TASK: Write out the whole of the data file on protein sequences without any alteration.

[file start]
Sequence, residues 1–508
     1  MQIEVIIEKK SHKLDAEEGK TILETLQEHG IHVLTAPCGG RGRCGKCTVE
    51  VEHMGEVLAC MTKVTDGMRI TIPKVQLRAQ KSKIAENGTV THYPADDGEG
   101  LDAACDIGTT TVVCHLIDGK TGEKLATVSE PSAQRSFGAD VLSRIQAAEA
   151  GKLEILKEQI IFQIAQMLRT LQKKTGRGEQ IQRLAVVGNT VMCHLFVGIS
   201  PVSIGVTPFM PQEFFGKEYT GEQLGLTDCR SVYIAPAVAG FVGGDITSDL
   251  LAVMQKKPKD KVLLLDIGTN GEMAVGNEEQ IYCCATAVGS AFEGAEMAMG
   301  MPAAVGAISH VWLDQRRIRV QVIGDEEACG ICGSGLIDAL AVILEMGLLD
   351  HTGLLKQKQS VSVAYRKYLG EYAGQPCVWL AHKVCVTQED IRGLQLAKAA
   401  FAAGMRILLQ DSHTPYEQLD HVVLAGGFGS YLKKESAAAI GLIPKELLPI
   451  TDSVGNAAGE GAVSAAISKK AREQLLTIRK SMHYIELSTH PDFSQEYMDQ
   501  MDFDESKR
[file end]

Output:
Sequence, residues 1–508
     1  MQIEVIIEKK SHKLDAEEGK TILETLQEHG IHVLTAPCGG RGRCGKCTVE
    51  VEHMGEVLAC MTKVTDGMRI TIPKVQLRAQ KSKIAENGTV THYPADDGEG
   101  LDAACDIGTT TVVCHLIDGK TGEKLATVSE PSAQRSFGAD VLSRIQAAEA
   151  GKLEILKEQI IFQIAQMLRT LQKKTGRGEQ IQRLAVVGNT VMCHLFVGIS
   201  PVSIGVTPFM PQEFFGKEYT GEQLGLTDCR SVYIAPAVAG FVGGDITSDL
   251  LAVMQKKPKD KVLLLDIGTN GEMAVGNEEQ IYCCATAVGS AFEGAEMAMG
   301  MPAAVGAISH VWLDQRRIRV QVIGDEEACG ICGSGLIDAL AVILEMGLLD
   351  HTGLLKQKQS VSVAYRKYLG EYAGQPCVWL AHKVCVTQED IRGLQLAKAA
   401  FAAGMRILLQ DSHTPYEQLD HVVLAGGFGS YLKKESAAAI GLIPKELLPI
   451  TDSVGNAAGE GAVSAAISKK AREQLLTIRK SMHYIELSTH PDFSQEYMDQ
   501  MDFDESKR